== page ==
Common types of behavioral therapy for heroin addiction include:
- cognitive behavioral therapy (CBT) — CBT attempts to help people develop coping skills and behavioral regulation.
- dialectical behavior therapy (DBT) — The main goals of DBT are to teach people how to cope with stress, regulate their emotions, and improve their interpersonal relationships.
Other common types of counseling include family, individual, and group counseling. People commonly join 12-step support groups to build a supportive network of like-minded people.
Heroin Overdose Treatment
People who have overdosed may still have treatment options if the overdose is caught in time. Health care providers can administer the overdose-reversal drug, naloxone (Narcan) to reverse the effects of a heroin overdose.
Opioid dependence may be long-lasting, and relapse is possible after seeking treatment, which is why it’s good to have naloxone or an overdose prevention plan ready. Treatment providers can help you develop your aftercare plan.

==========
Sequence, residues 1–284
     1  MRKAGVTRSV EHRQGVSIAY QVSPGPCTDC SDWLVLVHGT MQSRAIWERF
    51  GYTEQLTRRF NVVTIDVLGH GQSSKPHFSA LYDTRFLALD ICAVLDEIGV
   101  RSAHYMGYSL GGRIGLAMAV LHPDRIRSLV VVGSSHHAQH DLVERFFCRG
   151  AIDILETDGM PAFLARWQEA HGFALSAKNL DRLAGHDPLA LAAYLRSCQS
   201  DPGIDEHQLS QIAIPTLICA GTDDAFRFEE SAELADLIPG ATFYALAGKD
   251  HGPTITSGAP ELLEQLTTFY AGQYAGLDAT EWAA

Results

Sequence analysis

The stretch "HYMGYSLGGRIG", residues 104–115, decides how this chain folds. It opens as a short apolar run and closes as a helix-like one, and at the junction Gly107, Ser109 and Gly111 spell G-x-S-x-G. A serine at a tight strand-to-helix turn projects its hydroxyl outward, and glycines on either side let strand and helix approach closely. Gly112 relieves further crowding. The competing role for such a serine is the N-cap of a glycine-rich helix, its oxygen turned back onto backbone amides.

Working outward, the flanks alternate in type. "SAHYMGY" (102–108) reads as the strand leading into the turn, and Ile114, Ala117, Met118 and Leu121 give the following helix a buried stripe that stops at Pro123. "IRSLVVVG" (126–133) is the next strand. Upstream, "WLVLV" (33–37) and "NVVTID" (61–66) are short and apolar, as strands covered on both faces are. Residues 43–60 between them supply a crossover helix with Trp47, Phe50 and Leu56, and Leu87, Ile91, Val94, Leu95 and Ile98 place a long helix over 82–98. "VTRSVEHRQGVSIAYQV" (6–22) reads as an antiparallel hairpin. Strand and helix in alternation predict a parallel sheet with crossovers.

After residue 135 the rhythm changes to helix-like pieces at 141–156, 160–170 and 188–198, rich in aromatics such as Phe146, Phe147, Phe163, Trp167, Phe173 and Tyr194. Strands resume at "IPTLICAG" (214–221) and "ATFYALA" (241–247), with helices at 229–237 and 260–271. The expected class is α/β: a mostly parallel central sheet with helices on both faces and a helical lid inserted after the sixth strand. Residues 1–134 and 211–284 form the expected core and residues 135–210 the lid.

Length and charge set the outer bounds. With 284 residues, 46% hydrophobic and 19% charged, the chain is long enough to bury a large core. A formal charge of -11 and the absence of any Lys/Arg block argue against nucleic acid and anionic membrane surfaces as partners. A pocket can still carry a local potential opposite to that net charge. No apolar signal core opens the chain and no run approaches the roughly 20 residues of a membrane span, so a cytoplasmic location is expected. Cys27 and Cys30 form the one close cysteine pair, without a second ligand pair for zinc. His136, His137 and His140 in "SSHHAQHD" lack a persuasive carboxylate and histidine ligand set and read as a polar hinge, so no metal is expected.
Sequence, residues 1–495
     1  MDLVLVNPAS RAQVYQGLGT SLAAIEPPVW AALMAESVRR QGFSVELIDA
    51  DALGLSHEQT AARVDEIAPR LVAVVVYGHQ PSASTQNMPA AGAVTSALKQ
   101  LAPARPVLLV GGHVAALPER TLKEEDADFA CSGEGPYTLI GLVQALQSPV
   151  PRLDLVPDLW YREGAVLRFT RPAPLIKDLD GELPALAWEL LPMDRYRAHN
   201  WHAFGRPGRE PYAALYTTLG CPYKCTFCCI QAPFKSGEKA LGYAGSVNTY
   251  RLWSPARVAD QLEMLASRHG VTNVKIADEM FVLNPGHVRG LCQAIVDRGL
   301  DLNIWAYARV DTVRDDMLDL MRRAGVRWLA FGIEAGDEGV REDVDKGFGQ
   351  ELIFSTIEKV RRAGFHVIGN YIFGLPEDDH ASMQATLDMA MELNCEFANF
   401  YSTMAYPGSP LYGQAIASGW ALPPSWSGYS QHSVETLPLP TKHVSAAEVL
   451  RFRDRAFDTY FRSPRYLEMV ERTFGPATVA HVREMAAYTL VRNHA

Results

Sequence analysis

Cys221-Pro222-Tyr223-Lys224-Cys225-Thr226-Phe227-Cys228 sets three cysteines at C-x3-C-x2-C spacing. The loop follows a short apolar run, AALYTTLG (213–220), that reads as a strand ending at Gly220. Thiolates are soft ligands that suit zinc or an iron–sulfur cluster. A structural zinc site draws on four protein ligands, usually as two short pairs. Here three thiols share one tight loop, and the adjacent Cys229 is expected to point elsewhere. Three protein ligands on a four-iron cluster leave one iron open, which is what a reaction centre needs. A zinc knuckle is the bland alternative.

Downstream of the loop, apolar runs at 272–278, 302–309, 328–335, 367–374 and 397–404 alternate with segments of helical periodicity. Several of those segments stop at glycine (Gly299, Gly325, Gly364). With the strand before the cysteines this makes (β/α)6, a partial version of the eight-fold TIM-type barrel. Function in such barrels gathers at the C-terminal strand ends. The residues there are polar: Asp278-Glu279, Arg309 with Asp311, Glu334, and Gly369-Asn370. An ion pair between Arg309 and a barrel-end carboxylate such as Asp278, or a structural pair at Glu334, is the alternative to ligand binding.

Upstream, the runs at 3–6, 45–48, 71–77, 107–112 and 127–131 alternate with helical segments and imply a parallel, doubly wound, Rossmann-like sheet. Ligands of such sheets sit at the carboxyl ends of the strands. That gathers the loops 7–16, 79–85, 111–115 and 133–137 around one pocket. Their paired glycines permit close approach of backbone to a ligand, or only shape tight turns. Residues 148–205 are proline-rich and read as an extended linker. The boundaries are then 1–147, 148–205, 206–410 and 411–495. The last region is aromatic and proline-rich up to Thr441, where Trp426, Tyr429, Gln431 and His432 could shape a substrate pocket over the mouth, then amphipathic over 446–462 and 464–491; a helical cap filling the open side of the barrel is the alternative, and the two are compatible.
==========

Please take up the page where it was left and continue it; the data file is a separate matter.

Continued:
Read more about heroin overdose treatment options.
Aftercare Treatment Services For Heroin Addiction
After a person is finished with their inpatient program, they have the option of aftercare or continuing care to help with their recovery journey.
An aftercare program will help people with case management services such as employment assistance, housing assistance, childcare, and more.
Find A Substance Abuse Treatment Program Today
If you or a loved one are addicted to heroin, there are a range of treatment plans available to assist in the recovery process.
Call our helpline at Bedrock Recovery Center today for more information on our inpatient treatment program and other evidence-based services.
- National Institute on Drug Abuse (NIDA) — Heroin DrugFacts
- National Institute of Health (NIH) — What are the treatments for heroin use disorder?
- Substance Abuse and Mental Health Services Administration (SAMHSA) — MAT Medications, Counseling, and Related Conditions
- U.S. Food and Drug Administration (FDA) — Opioid Drugs
Bedrock Recovery Editorial Team
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This page does not provide medical advice.